Guthrie didn’t expect such a hostile reaction when she turned up to the biggest racing coliseum in America’s heartland.

“Well it was all a great surprise to me,” she says. “I had no idea what kind of a commotion our announcement was going to arouse because I’d been racing for 13 years. I’d had a significant history.

“Rolla called me because he kept asking his road racing friends about a woman driving and the name he kept getting was mine, so I had done a few significant things in sports car racing, and being a woman was not an issue in sports car racing; [there were] not a lot of us, but we were there.

“And so to come into IndyCar racing and NASCAR Cup racing and discover that this was heresy was quite a surprise to me! But yeah, there was a lot of hostility at first. However, I figured that once they gained the experience of driving against me, attitudes would change, and indeed attitudes did change and that was very gratifying.”

Vollstedt, Foyt and Guthrie changed hearts and minds.

Once word about the lack of funding for Guthrie emerged, she received a few offers including one from Beatle George Harrison that was delivered too late. It was Texaco’s $100,000 that eventually secured her a trip to Indy in 1977, and she qualified 26th for Vollstedt Enterprises, finishing 29th.

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Despite showing that she deserved a drive on merit, Guthrie would never compete on a level playing field at Indy, without access to the funding and support that leading drivers enjoyed.

In 1978, she set up her eponymous squad for the Indianapolis 500 – the most difficult Month of May she had.

“It’s a very expensive sport and it takes a lot to assemble a team, to run a full season, I would’ve loved to have had that opportunity,” she says.

“When I did assemble my own team in 1978, and ended up with a top-10 finish that year [ninth], I did it on a budget of about 5 per cent of a top team running a full year. It was no secret, I did it for $120,000.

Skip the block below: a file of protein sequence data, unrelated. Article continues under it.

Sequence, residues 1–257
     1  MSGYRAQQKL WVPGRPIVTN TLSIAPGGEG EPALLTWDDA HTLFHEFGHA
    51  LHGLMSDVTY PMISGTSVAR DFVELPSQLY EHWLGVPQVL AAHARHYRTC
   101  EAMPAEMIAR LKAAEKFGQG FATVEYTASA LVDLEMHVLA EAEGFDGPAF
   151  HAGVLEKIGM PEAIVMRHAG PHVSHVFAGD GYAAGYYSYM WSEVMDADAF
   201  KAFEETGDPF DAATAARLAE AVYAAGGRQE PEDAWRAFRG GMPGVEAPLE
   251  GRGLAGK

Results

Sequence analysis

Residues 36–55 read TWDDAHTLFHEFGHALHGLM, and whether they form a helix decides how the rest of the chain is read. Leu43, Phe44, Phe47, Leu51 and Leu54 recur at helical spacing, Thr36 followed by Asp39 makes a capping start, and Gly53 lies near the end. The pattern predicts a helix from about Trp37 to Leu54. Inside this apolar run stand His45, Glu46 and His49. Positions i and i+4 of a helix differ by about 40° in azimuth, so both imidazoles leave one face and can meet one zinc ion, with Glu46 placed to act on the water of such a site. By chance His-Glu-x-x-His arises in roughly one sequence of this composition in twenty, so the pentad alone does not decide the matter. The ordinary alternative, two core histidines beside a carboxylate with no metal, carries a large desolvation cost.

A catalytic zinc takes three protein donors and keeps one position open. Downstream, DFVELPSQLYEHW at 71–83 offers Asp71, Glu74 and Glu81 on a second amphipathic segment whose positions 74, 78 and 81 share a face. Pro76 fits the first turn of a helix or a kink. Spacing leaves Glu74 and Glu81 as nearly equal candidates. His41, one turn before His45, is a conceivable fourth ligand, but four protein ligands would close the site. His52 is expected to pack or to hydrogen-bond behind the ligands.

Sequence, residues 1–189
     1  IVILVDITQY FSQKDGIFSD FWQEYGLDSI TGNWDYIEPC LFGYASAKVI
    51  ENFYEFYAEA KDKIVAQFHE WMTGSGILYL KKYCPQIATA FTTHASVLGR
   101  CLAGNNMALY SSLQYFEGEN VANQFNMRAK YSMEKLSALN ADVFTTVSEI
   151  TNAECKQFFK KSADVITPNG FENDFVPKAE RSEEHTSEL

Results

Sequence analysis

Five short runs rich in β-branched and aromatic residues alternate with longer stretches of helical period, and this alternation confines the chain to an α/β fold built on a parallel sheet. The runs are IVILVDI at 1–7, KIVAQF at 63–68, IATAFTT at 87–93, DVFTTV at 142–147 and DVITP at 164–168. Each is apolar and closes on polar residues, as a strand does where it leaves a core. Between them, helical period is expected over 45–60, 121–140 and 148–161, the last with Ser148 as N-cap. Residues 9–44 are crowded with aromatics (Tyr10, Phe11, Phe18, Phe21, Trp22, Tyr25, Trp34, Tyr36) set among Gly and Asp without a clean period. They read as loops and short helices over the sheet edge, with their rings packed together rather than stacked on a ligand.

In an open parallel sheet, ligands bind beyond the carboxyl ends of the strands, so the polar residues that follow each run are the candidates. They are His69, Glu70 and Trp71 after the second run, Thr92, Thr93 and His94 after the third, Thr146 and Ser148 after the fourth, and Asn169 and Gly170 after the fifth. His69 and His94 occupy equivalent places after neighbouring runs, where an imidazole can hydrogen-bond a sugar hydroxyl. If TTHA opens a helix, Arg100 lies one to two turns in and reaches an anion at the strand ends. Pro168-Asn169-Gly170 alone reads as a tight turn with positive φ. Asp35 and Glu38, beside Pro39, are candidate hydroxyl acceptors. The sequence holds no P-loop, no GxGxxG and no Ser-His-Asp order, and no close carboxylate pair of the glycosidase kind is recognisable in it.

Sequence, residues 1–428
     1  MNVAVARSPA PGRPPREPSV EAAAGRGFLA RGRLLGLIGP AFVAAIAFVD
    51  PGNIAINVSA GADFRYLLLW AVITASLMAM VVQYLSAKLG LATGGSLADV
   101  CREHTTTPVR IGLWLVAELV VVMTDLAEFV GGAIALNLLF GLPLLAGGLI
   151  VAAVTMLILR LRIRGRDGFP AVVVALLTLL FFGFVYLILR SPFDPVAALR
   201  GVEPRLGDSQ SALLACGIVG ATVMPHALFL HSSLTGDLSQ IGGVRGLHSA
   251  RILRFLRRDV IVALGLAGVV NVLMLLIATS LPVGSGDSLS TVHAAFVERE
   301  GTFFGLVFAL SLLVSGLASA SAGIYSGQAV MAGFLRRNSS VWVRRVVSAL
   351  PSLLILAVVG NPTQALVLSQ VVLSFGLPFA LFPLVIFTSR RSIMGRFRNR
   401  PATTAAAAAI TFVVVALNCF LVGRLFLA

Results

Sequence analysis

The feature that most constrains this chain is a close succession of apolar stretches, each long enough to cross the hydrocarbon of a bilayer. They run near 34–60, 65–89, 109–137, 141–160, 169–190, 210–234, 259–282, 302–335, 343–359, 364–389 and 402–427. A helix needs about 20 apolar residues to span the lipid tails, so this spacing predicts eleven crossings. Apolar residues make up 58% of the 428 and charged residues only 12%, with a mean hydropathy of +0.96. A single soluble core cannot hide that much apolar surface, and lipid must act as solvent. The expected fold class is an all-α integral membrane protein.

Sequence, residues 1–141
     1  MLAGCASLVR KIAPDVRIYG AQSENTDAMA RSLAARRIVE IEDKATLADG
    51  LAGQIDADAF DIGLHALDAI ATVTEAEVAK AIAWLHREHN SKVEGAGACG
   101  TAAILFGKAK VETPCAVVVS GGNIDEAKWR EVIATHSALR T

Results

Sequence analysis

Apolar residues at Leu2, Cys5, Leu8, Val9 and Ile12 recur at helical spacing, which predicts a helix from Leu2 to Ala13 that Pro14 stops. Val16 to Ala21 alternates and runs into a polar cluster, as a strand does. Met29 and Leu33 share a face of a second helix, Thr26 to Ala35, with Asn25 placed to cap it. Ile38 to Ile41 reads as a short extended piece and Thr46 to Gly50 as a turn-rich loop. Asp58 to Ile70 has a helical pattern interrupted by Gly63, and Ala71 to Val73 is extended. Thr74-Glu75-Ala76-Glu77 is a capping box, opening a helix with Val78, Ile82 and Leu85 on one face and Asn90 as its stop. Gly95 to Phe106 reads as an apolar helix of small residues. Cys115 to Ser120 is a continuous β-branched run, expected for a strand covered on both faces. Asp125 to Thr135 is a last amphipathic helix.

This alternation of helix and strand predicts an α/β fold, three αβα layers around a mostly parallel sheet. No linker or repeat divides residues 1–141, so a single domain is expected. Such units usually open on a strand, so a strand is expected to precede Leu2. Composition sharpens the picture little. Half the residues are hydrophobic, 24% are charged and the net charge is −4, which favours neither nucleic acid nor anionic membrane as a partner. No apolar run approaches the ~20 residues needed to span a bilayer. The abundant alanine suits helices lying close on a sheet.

“I had all the duties, obligations, responsibilities of a team owner as well as going out to drive the car, and especially under last-minute circumstances that really was tough. Driving the car was definitely the easy part.”

Janet Guthrie and her crew at the 1978 Indy 500 Motorsport Images

Underlining just how hard it is to be a driver/owner, Guthrie had a fractured wrist during the race (for which she was later reprimanded by officials), having to steer, change gears with a broken gearbox, and use a radio for which the volume button vibrated closed during the race.

“OK, so you needed one hand for the steering wheel, one for the gearshift and had I had a long prehensile tail to operate the radio I would’ve been fine,” she says nonchalantly.

Guthrie may shrug off the difficulties that she faced, but is in no doubt about the challenge that the Indianapolis 500 still represents, even to a well-funded team, such as McLaren, which failed to qualify with Fernando Alonso this year.

“I empathise [with McLaren],” she adds. “It’s happened before. There was one year where Roger Penske astonished the whole world when his cars did not make the field at Indianapolis. The guy who walked on water and his cars aren’t making the field? People have forgotten that that happened.”

More than forty years after Guthrie first raced at the Indy 500, there’s now only one woman in the 2019 field: Pippa Mann, who starts 29th on May 26. So, has the motor sport world done enough to let the women with talent compete?

“No I don’t think we have come far enough,” says Guthrie. “Pippa Mann is a very capable driver with a very good record, but you can’t drive Indianapolis 500 as your only race of the year with a backmarker team and expect to run up front, that’s not going to happen that way.”